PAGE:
- The Lord who told me to take care of my people meant me to do it just as long as I live, and so I did what he told me.
- And then we saw the lightning, and that was the guns; and then we heard the thunder, and that was the big guns; and then we heard the rain falling, and that was the drops of blood falling; and when we came to get in the crops, it was dead men that we reaped.
- I can’t die but once.
- Harriet Tubman – The Road to Freedom by Catherine Clinton (2004) Thoroughly researched and beautifully written. Brings clarity and some understanding to life in Maryland during slavery, the workings of the Underground Railroad, the Abolitionist movement, the Department of the South in the Civil War, and the struggles of freemen as well as fleshing out the details of Harriet’s life. It flows and is easy to read.
- The Combahee River Raid – Harriet Tubman and Lowcountry Liberation by Jeff Grigg (2014) Provides insight into the white military leaders in the Department of the South, the politics and strategies involved. Gives a detailed account of the raid. It’s a fairly dry read.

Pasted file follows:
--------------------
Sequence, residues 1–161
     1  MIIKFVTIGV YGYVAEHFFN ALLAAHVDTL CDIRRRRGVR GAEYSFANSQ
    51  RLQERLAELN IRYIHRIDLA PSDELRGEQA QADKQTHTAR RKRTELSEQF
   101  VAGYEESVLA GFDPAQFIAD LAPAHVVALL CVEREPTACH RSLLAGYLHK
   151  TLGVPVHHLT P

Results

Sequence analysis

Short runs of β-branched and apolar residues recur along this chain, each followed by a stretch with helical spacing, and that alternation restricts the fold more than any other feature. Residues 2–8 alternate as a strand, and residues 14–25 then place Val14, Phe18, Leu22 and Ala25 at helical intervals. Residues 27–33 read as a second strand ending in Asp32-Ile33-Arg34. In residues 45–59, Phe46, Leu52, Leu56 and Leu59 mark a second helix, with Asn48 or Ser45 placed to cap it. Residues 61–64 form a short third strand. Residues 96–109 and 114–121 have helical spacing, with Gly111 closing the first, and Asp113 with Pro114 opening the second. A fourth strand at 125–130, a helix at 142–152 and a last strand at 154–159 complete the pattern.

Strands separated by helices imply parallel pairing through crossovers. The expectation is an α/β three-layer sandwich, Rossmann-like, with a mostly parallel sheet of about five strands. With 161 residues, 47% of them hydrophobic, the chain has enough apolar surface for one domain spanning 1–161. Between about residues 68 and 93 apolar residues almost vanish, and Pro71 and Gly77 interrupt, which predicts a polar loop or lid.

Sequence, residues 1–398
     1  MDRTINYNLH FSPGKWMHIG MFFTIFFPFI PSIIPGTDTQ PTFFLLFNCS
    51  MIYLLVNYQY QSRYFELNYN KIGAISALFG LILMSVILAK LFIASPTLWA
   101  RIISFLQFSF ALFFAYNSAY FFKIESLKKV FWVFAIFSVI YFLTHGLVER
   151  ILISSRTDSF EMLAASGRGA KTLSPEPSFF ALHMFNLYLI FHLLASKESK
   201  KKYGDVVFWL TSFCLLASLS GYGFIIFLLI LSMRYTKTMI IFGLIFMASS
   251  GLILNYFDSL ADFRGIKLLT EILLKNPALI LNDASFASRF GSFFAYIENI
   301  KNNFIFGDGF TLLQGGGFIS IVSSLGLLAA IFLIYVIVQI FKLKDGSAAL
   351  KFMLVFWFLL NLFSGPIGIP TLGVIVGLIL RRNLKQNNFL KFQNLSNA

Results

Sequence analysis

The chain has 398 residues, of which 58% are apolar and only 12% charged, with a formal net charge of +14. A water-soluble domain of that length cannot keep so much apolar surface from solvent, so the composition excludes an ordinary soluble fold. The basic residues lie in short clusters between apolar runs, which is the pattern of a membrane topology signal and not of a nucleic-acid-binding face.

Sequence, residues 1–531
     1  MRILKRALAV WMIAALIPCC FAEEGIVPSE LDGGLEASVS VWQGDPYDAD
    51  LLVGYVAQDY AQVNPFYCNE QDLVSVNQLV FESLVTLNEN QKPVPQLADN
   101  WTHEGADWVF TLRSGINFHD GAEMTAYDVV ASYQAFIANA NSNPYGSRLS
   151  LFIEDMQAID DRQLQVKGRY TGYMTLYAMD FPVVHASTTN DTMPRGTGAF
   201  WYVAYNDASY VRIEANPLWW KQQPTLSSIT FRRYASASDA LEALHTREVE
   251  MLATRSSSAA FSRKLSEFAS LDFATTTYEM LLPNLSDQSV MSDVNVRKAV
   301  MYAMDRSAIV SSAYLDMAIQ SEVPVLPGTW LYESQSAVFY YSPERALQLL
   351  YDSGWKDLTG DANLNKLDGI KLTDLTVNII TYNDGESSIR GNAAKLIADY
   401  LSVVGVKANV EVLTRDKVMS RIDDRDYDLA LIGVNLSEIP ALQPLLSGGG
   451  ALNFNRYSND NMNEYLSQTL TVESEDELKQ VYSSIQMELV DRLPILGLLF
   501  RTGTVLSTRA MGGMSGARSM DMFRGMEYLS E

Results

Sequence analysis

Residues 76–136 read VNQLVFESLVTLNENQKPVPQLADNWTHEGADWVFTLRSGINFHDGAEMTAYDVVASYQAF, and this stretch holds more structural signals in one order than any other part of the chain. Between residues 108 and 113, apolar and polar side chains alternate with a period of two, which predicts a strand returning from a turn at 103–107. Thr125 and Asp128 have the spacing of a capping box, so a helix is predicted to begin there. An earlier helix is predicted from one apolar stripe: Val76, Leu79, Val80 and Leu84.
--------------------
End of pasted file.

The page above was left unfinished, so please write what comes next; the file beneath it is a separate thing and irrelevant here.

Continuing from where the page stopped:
- Harriet Tubman – The Life and the Life Stories by Jean Humez (2004) Crisp narrative of Tubman’s life and pages and pages of quotes from Harriet, letters, books, articles about her, excerpts of documents. Very readable. Well organized, making it easy to find points of interest.
- Harriet Tubman – Portrait of An American Hero – Bound for the Promised Land by Kate Clifford Larson (2004) Engaging narrative that gives details and insights about the world Tubman lived in and Tubman’s character. Well-researched. Maps, timeline, family tree, and notes are very helpful. I recommend this book and Clinton’s book for accuracy and readability.